You don’t have to be a ski or snowboard buff to head to Brundage Mountain Resort on Saturday, Dec. 30, for Light Up the Night, the annual bash on its snow-covered slopes in celebration of the new year. Anyone in search of a good time is welcome, even the littlest snowbunnies, who can burn off energy in the “Family Zone” on the top floor of the lodge before the real fun—including a torchlight parade and fireworks display—beings. Bring a folding chair to set up slopeside to watch the action, or snack and sip hot chocolate, coffee, wine or beer around one of the firepits at plaza level. Family fun will begin at 4:30 p.m. when the chairlift closes down for the night, and the first fireworks will hit the air following the Torchlight Parade at 5:45 p.m. 4:30-8 p.m., FREE. Brundage Mountain Resort, 3890 Goose Lake Road, McCall, 208- 634-415, brundage.com. 6 | DECEMBER 27, 2017 – JANUARY 2, 2018 | BOISEweekly
Honor, honors Basques and their military service in not only the U.S. military, but also the Basque, Spanish and French militaries. It will showcase unique stories of prisoners of war, victory and loss, women’s roles, home front support and more. The hope is to capture a piece of what many different immigrant groups have gone through when coming into this country as well as the heroes that currently serve in the U.S. military. 10 a.m.-4 p.m. FREE-$5. Basque Museum and Cultural Center, 611 Grove St., Boise, 208-343-2671, basquemuseum.com. CHERYL K. SHURTLEFF: THE ROAD IS WIDER THAN LONG— Celebrated artist Cheryl K. Shurtleff grew up on a fruit ranch near Payette, and earned a BFA and an MA from Boise State. The Road is Wider than Long explores Shurtleff’s complex body of work, much of which has a strong bent toward the uncanny, mysterious and surreal. Featuring both two- and threedimensional work alongside source imagery and objects, the exhibition showcases the incredible breadth
and depth of the work Shurtleff created before her death in 2015. Through May 20. 10 a.m.-5 p.m. FREE-$6. Boise Art Museum, 670 Julia Davis Drive, Boise, 208-3458330, boiseartmuseum.org. CONSIDER THE SOURCE—Consider the Source looks at the physical elements used to create works of art, whether man-made or naturally occurring, through an original arrangement of works from the museum’s permanent collection. Viewers are invited to spend time looking closely at the artworks to decipher how and why the artists have employed particular materials. Through Oct. 14. 10 a.m.-5 p.m. FREE-$6. Boise Art Museum, 670 Julia Davis Drive, Boise, 208-3458330. boiseartmuseum.org/exhibition/consider-the-source. FINE ART IN MINIATURE—This features 100 original mini paintings and photographs by 40 popular area artists. Through Jan. 5. 10 a.m.-5 p.m. FREE. The Gallery at Finer Frames, 164 E. State St., Ste. B, Eagle, 208-888-9898, finerframes.com.
SUNDAY, DEC. 31
HIDDEN MIND: ABSTRACT PHOTOGRAPHY AND SCULPTURES— Check out the first exhibition of these abstract photography prints and sculptures by David Whitaker. Through Feb. 3. Noon-5 p.m. Continues through Feb. 3. FREE-$5. Studio Boise, 4619 Emerald St., Ste 106, Boise, 208-917-7427. studioboise.org/currentshowing. AN INTENTIONAL EYE: SELECT GIFTS FROM WILFRED DAVIS FLETCHER—Wilfred Davis Fletcher (1922-2016), a third-generation Idahoan and longtime friend and supporter of the Boise Art Museum, donated his first gift—a small graphite drawing by Maynard Dixon—to the Museum in 1984. In the years since, he has made 17 additional donations, totaling nearly 600 works of art. His incredible generosity has significantly shaped the BAM permanent collection of approximately 4,000 objects by introducing artworks by prominent artists who were previously unrepresented. Through April 14. 10 a.m.-5 p.m. FREE-$6. Boise Art Museum, 670 Julia Davis Drive, Boise, 208345-8330, boiseartmuseum.org.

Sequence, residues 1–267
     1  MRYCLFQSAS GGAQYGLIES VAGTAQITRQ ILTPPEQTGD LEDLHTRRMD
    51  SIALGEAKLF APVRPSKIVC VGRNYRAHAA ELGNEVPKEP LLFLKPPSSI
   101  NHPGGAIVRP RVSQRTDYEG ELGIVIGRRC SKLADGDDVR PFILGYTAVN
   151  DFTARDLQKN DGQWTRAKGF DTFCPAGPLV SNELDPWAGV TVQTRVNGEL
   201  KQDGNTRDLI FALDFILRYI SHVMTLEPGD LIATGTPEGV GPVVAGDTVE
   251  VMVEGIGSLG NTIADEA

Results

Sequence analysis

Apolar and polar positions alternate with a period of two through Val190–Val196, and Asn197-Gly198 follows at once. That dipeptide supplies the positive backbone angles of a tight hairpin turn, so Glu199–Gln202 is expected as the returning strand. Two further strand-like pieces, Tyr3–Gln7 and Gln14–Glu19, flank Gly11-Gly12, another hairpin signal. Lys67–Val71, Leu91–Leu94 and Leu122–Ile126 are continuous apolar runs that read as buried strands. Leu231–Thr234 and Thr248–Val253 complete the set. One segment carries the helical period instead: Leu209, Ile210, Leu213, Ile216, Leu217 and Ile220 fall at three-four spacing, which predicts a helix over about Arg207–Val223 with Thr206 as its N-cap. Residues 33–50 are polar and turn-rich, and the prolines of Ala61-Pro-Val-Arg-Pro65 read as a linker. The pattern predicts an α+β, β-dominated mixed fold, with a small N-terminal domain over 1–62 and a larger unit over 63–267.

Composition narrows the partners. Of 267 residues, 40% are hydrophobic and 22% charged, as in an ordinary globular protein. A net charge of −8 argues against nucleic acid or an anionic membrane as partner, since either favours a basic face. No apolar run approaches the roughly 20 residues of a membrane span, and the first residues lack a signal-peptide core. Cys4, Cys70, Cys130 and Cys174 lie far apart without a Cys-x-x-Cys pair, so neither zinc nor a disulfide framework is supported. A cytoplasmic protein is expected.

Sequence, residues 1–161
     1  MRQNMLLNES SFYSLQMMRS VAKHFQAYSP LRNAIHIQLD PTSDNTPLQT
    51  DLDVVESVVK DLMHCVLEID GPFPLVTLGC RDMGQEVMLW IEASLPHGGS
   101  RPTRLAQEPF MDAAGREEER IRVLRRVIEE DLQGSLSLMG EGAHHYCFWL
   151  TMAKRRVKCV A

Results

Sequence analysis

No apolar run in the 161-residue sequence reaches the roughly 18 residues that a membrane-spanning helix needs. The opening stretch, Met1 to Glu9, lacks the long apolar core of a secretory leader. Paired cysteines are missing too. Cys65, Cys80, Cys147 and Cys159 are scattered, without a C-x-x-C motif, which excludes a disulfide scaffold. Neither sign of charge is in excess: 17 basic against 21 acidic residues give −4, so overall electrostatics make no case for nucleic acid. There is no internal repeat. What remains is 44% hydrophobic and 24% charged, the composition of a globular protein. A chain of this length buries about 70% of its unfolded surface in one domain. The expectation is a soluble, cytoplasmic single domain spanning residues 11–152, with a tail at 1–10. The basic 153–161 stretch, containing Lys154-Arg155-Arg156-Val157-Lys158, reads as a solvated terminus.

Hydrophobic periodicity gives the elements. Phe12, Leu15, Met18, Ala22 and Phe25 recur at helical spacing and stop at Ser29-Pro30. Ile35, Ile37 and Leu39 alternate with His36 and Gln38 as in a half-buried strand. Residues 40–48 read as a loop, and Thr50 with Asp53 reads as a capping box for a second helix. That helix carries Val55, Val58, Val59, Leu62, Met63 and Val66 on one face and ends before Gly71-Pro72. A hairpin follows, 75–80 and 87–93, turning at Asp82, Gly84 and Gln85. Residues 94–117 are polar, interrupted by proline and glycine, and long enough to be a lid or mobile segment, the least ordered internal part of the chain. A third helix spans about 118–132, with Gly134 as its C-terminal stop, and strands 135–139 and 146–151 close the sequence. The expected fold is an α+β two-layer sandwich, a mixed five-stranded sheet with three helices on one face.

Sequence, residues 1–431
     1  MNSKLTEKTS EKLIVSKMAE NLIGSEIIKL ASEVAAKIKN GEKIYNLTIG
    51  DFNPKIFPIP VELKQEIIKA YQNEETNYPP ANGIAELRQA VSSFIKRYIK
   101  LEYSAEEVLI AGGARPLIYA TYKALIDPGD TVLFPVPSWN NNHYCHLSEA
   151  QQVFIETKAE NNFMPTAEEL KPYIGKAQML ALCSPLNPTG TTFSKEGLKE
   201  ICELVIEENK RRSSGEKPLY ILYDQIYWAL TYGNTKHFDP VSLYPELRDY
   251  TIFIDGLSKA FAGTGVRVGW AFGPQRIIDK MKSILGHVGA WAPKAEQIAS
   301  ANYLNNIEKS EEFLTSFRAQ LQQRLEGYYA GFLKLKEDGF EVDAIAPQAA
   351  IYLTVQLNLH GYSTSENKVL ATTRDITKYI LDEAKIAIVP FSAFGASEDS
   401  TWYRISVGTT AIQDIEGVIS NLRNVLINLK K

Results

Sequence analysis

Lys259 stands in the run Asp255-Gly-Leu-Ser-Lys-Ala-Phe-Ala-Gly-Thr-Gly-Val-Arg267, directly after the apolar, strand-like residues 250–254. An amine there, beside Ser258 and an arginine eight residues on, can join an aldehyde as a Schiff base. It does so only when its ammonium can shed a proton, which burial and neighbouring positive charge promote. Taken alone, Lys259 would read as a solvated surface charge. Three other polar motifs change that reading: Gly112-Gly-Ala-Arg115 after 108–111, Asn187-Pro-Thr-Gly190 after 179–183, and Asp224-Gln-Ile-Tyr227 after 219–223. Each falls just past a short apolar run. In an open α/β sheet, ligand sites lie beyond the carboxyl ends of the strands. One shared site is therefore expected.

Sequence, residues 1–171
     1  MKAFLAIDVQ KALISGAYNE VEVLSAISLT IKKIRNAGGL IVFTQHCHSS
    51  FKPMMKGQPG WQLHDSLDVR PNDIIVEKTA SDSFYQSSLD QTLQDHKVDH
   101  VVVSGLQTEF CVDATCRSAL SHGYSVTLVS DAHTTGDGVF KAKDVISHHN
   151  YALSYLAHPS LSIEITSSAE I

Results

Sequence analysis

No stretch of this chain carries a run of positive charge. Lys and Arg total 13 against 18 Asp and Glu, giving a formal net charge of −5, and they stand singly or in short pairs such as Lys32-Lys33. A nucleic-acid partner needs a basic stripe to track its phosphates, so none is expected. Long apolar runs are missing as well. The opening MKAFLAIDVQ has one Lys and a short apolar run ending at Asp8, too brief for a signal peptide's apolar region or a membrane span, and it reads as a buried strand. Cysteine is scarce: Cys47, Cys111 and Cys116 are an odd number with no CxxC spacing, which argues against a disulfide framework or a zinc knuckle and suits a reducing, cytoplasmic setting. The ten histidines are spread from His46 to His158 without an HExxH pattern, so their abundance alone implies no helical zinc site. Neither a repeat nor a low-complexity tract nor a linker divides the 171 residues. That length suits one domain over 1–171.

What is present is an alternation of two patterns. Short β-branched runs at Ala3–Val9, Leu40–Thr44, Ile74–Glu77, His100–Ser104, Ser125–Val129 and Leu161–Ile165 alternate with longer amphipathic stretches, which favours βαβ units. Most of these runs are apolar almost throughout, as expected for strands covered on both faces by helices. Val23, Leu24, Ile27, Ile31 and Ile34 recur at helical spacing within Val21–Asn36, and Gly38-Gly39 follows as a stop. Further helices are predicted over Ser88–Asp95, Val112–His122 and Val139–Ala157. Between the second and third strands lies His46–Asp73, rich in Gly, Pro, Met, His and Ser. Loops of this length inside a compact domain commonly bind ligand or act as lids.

IRINA NOVARESE: ONE SHOT— From found imagery and artifacts, Irina Novarese of Turin, Italy, constructs spaces identified by fiction and reality. Installations become a type of abstract storytelling that brings into question how we perceive and personify history, its relics and those who preserve it. The origin of Novarese’s site- specific, solo exhibition One Shot is an investigation into an image sourced from the U.S. Bureau of Reclamation entitled “All Female Survey Crew,” taken in 1918 during the Minidoka Project. The picture is the only one available that documents a completely female survey crew until the 1950s. Through Jan. 20. 3-7 p.m. FREE. MING Studios, 420 S. Sixth St., Boise, 208-972-9028, mingstudios.org. MAPPING THE PAST: SELECTIONS FROM THE THOMAS J. COONEY COLLECTION—Map makers have the unique ability to collapse both time and space in their work. Mapping the Past explores what mapping means, both in the technical sense and in the metaphorical sense, looking
SUNDAY, DEC. 31
Three, two, one, spud!
NEW YEAR’S EVE IDAHO® POTATO DROP
As we say goodbye to 2017, we say hello to the big local New Year’s Eve party: the Idaho® Potato Drop, a nationally recognized event that draws 35,000 annual “SpecTaters” to downtown Boise to watch a giant glowing spud descend from the heavens and ring in the new year. The drop is always a party, and attractions this year include the USASA-sanctioned Olympic pre-qualifier “Big-Air Rail Jam” snow park, a McCall Winter Carnival Ice Sculpture pre-show in Capitol Park, a live music-powered LED dance floor, the Wrestle Club “Potato Belt” championship and the usual show-stopping fireworks display. Brave the winter chill to discover delicious eats in the food court, fun activities for the whole family and the magic of a 400-pound “GlowTato” touching down on the Capitol lawn. 1 p.m., Dec. 31-1 a.m., Jan 1, FREE. Capitol Building, 700 W. Jefferson St., 208-433-9705, idahopotatodrop.com.